What is Enrichment? How It’s Important for Livestock

Animal enrichment is activities that create a more stimulating environment for the animals and elicit some of their natural behaviors.

Animal enrichment is activities that create a more stimulating environment for the animals and elicit some of their natural behaviors.

Today, you are getting Zoologist Jessica instead of Homesteader Jessica. For those of you who don’t know, I went to school for zoology but decided that I didn’t want to live in a city, which is what led me to farming. One important aspect of animal care they taught me about in college was animal enrichment and how important it is to an animal’s health and overall well-being.

Animal enrichment is activities that create a more stimulating environment for the animals and elicit some of their natural behaviors such as exploration, foraging, locomotion, social interaction, manipulating objects, or simply playing.

Enrichment for Goats

The Importance of a Herd

Let’s start with the fact that goats are herd animals. Being part of a herd makes the goat feel safe and secure. As prey animals, this safety and security is paramount to their mental well-being. Making sure your goat is part of a herd (at least one friend, but the more, the merrier) will provide loads of enrichment for your goat just through herd interaction.

Goats are incredibly intelligent and curious. This is a positive trait that is often viewed as a negative because it is learning how to escape. Goats can figure out goat latches, they can find holes and gaps in the fence and even make them large enough to escape, and they can climb almost anything. If you are not challenging your goat’s mind, they will escape. Challenging their mind doesn’t mean you need to build a fortress around your goats. Give them something more exciting to try to figure out.

Climbing and Exploring

Climbing is one of a goat’s favorite things to do. Instead of having them try to climb the fence all day (which will wear out your fence real fast – ask me how I know), give them a jungle gym. It doesn’t have to cost much, and it doesn’t have to be elaborate. We started with a wooden picnic table and slowly added “junk” to it over time. The goats love climbing over and under the different materials. Here’s a trick I came up with that is unrelated but worth mentioning: Top your wooden climbing toys with roofing shingles. The rough surface files down hooves, so you don’t have to trim as often.

Another thing goats enjoy is problem-solving. While you may not want them to solve the puzzle of the gate latch, give them another puzzle to solve. Cause-and-effect games are great for goats. You can incorporate climbing, like with a seesaw, or doing something stationary, like providing a treat ball.

Remember, a healthy goat is an active goat. It is important to provide ample opportunity for exercise mentally and physically.

Enrichment for Chickens, Ducks, and Quail

Having a Flock Family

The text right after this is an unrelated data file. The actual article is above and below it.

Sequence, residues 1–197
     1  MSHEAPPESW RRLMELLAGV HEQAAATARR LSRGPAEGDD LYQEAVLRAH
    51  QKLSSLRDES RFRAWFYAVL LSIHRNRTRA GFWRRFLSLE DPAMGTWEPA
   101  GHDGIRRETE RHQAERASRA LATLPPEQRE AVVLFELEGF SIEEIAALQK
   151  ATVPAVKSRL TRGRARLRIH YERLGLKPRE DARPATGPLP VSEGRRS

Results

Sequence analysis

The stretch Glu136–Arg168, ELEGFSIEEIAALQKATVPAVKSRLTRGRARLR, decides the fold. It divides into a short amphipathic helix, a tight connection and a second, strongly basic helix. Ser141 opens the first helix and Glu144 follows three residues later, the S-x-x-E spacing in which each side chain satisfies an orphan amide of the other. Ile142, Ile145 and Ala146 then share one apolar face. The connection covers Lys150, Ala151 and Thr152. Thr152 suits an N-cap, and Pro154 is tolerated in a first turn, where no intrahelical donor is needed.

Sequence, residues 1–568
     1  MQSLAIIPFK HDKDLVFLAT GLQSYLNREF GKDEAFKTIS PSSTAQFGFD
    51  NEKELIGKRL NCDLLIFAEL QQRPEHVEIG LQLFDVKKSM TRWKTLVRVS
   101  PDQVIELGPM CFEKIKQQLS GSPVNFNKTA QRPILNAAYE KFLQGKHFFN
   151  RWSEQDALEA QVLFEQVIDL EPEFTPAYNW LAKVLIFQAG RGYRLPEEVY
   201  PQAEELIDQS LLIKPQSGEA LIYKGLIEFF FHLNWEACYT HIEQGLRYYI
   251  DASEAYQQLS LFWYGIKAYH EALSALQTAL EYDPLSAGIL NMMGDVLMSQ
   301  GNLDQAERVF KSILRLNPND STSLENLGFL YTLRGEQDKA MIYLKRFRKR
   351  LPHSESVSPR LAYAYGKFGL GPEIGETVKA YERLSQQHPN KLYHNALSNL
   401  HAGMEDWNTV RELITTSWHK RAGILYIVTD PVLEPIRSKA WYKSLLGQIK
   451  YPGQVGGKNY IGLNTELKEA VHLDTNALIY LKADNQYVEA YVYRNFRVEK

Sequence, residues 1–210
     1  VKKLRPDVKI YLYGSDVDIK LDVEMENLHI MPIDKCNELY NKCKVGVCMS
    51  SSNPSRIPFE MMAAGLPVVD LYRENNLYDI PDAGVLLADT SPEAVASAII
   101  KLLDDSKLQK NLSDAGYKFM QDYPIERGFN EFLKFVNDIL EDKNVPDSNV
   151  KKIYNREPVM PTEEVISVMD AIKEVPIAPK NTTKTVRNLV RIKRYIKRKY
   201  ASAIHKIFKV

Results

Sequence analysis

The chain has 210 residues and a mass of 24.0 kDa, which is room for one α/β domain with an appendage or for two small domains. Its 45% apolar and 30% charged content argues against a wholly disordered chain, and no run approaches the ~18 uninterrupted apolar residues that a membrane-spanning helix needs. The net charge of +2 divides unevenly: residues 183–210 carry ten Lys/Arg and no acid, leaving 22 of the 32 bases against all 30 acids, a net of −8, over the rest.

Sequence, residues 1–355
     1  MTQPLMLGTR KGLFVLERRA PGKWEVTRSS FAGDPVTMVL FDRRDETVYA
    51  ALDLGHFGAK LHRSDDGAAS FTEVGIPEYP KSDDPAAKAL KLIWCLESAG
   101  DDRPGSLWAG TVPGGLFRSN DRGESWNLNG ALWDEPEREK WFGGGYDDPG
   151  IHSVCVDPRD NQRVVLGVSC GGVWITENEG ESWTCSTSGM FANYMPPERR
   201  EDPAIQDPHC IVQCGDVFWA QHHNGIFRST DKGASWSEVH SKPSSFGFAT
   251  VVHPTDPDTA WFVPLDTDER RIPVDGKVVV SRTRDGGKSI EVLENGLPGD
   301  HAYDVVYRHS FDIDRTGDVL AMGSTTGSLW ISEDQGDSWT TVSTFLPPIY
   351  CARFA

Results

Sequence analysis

Much like goats, friends and family are important to poultry in the form of a flock. Flock interaction accounts for much of a bird’s enrichment needs. But that’s not all they need. Poultry that is not adequately enriched will display many problem behaviors such as feather picking, bullying, and even egg eating. 

In the ideal situation, your chickens, ducks, and quail would be allowed to free range in a large area where they can explore, forage, and interact. For many of us, that’s not an option. If you cannot free-range your chickens because of space or predator issues, it is your responsibility to provide enrichment. The good news is that many of your daily routines are a starting point for enrichment. You are already going in to collect eggs. While you’re there, you should move something. It’s amazing how something as simple as moving a stall rake can excite your poultry.

Composting with Poultry

Composting in your poultry run is a great form of enrichment. Not only do they get to dig for all sorts of goodies, but they are also getting a varied diet. Quail can’t necessarily have a full-fledged compost bin in their enclosure, but they appreciate kitchen scraps. For important information about what can and cannot be composted with chickens, see here. The best part of composting with chickens is how quickly they break down a compost pile. It’s truly impressive, and my green thumb appreciates it.

Multi-Purpose Dust Baths

Dust baths are another important multi-aspect enrichment for poultry (less for ducks, but a huge win for chickens and quail). Not only do quail and chickens enjoy digging and cooling themselves off on a hot day, but dust baths clean the birds as well. To boost the cleaning and bug-removing properties of your dust bath, mix in a little diatomaceous earth and wood ash. Just make sure if you add wood ash, it’s in a dry location because water makes the ash caustic.

Animal enrichment is activities that create a more stimulating environment for the animals and elicit some of their natural behaviors.
Find out how to make this easy do-it-yourself chicken dust bath at Rabbit Ridge Farm.

Kiddies Pools for All Fowl

Kiddie pools aren’t just for ducks, though deep ones should only be accessible to waterfowl. My ducks love their kiddie pool when it’s clean and full. They swim and splash and play. I noticed when the pool would get shallow (because of the ducks’ maniacal splashing), the chickens would stand in it on hot days. I offered the quail a small dish, and they did the same. They love it.